Iron Ore prices surge into Chinese New Year

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I am very excited about the prospects for iron ore miners. Iron ore prices in China beat expectations, hitting $153/metric ton on Jan. 31, 2013, and continued to move up to $155.10/metric ton by Feb. 8. March contracts had also risen to $157.75/metric ton on the same day. Prices were surging as smaller steel mills continue to restock ahead of Chinese New Year celebrations. A Singapore iron ore trader was quoted as saying they are buying in anticipation of greater demand for steel after the New Year. Chinese iron miners had a low output as a result of a very harsh winter and most iron ore stocks at steel mills were low heading into the Chinese New Year, necessitating buying on the world market. Now it is all quiet on the iron trading front

Chinese New Year celebrations have begun in earnest, and there is a bit of anticipation for earnings reports from the four largest iron ore mining stocks. The Q2, Q4, or full year reports for these stocks come out as follows: Vale (NYSE: VALE) delivers its Q4 report on Feb. 27, Rio Tinto (NYSE: RIO) announces full year earnings on Feb. 14, BHP (NYSE: BHP) reports full year earnings on Feb. 20, and Fortescue Metals Group (ASX: FMG) delivers its Q2 report on Feb. 20 as well. These reports probably will not be spectacular, but may hold some surprises. Last October iron ore prices hit an extended bottom at $87/metric ton. What we want to see is the higher iron prices and shipping rates of late November and all of December putting some nice profits back on the table. There should be upward movement in all four stocks after the reports. One of the big questions is whether or not the high iron prices will be sustained through the spring. Estimates of average iron ore prices for the full year have been moving up from $110/metric ton a month ago to as high as $130/metric ton a week ago. Just this week we had an estimate of average prices of $140/metric ton. This means big profits for the producers.

Iron ore is the cash cow for these big miners, but the largest three (Vale, Rio, and BHP) dilute their iron earnings with global operations, though they are much better able to survive low iron prices. These three are like mutual funds or exchange traded funds unto themselves. They have global operations with so many minerals and metals that I could write a whole article about each of them. 

Vale has slipped in price quite a bit over the last few years. They have been beaten down by the semi-socialist government of Brazil, but they are the darling of the nation. There is hope and they seem to be on a roll. The stock seems under-priced. They just received a government contract for a major National rail concession in Brazil in preparation for the 2014 World Cup and 2016 Olympics. They are also building rail lines in Mozambique and have mineral concessions in 38 countries. As for iron ore production, they are set to produce 500 million tons in Brazil this year, and with high iron prices we are talking billions of dollars in profit.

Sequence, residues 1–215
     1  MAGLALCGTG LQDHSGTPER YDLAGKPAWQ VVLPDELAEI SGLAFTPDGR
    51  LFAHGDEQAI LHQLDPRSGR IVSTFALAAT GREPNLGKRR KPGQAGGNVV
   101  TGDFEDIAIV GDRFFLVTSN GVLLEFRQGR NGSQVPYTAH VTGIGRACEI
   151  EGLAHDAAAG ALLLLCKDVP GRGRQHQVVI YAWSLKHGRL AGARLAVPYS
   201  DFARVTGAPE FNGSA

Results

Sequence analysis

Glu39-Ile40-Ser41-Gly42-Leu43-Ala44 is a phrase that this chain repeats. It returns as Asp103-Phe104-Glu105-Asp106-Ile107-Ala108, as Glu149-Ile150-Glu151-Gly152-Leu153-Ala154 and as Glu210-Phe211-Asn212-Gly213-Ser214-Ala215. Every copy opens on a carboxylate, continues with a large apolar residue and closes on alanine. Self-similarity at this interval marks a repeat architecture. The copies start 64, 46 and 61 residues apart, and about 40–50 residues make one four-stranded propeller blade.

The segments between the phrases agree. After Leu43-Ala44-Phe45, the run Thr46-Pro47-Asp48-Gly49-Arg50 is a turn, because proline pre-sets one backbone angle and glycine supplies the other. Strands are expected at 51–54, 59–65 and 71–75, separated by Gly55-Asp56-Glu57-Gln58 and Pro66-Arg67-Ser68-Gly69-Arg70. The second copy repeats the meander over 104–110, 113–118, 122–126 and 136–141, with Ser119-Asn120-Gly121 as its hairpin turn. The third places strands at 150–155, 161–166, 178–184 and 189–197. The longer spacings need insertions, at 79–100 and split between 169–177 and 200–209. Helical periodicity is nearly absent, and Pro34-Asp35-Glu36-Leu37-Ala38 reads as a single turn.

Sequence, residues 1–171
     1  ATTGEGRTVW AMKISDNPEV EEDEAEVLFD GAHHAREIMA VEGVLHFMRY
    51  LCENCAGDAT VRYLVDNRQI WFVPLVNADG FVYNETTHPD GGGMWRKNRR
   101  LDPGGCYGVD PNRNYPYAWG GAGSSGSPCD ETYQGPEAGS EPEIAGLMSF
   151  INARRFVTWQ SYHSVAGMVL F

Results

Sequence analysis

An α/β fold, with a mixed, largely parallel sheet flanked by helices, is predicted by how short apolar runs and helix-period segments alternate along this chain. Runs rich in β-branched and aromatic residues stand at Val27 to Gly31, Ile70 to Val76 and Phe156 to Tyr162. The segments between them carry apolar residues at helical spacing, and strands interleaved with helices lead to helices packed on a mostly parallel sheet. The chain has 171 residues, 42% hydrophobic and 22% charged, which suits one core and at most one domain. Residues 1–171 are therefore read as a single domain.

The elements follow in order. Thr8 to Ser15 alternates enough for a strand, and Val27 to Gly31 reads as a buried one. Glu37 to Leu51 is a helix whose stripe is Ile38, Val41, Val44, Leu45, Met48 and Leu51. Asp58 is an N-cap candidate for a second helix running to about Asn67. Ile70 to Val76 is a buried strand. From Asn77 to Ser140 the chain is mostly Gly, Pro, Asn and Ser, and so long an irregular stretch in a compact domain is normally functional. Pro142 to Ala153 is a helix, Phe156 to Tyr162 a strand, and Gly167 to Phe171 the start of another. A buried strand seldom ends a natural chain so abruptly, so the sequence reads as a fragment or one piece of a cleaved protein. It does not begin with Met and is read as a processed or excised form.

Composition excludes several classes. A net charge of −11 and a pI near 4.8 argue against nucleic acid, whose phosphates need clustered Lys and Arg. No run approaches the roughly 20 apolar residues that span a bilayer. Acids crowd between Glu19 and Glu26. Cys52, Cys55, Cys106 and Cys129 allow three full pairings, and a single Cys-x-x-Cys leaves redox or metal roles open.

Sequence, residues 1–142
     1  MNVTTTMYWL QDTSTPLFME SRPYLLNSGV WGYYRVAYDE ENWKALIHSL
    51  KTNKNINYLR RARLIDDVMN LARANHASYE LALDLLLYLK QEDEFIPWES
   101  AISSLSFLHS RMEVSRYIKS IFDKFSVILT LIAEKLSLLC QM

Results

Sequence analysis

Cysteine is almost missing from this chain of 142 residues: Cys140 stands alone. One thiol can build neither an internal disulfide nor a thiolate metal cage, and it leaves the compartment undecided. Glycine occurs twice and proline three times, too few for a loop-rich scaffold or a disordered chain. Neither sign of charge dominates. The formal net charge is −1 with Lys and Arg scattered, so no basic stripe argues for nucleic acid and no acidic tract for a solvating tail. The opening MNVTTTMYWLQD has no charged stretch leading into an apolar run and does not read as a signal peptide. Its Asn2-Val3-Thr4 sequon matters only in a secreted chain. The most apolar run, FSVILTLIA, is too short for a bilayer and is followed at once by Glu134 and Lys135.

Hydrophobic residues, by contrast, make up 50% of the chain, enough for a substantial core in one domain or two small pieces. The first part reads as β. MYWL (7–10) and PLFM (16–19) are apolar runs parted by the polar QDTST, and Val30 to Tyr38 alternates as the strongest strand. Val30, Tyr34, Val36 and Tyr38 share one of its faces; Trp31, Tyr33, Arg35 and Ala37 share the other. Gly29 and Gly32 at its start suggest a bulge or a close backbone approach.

Rio Tinto is all over the planet and has made some big mistakes recently. The CEO just stepped down with the $14 billion writedown of the failed $38 billion 2007 buyout of Alcan and the failed a coal mine in Mozambique of late. In the scheme of things the writedowns are minor. That said, they have a very cheap stock price and stand to profit from their 250 million tons a year of iron ore production in the Pilbara in Western Australia. 

BHP, like Rio, is big and all over the planet digging up and selling minerals, metals and diamonds. They have the highest market cap of all of the big four, which may not be justified, as they seem over-priced for the sector. I am less excited about the prospects of this company. They look like they are running scared. BHP has put development plans on hold when the going got rough, shelving $50 billion in development projects in the last year. They have been pulling in their resources like the world is going to end next month. On the other hand, they are on track to raise their iron ore production in Pilbara from 180 million tons a year to 220 million this year, and we should see a good rise in iron ore profits here.

Fortescue is the only pure iron play and is set to scoop up the profit from what looks to be an extended top in iron ore pricing. Fortescue is on track for their huge expansion projects expected to come to full fruition. In January they announced hitting the 100 megaton run rate and are set to hit their ultimate goal of 155 megaton run rate in December of this year.

The earnings reports this spring, as well as in April and May, should give a bounce to all of the big four iron miners. The greatest rise in stock price will hit Fortescue Metals. They grossed $6.63 billion in fiscal year June 2012 with a 23% profit margin. At their current run rate and at these iron prices they should be grossing $1.2 to $1.3 billion a month. The profitability should be amazing. Financing is in place to finish infrastructure for hitting their goals by year end. I believe Fortescue is perfectly positioned to take advantage of these high iron prices.



jamesacoffman owns shares of Companhia Vale Ads. The Motley Fool has no position in any of the stocks mentioned. Try any of our Foolish newsletter services free for 30 days. We Fools may not all hold the same opinions, but we all believe that considering a diverse range of insights makes us better investors. The Motley Fool has a disclosure policy. Is this post wrong? Click here. Think you can do better? Join us and write your own!

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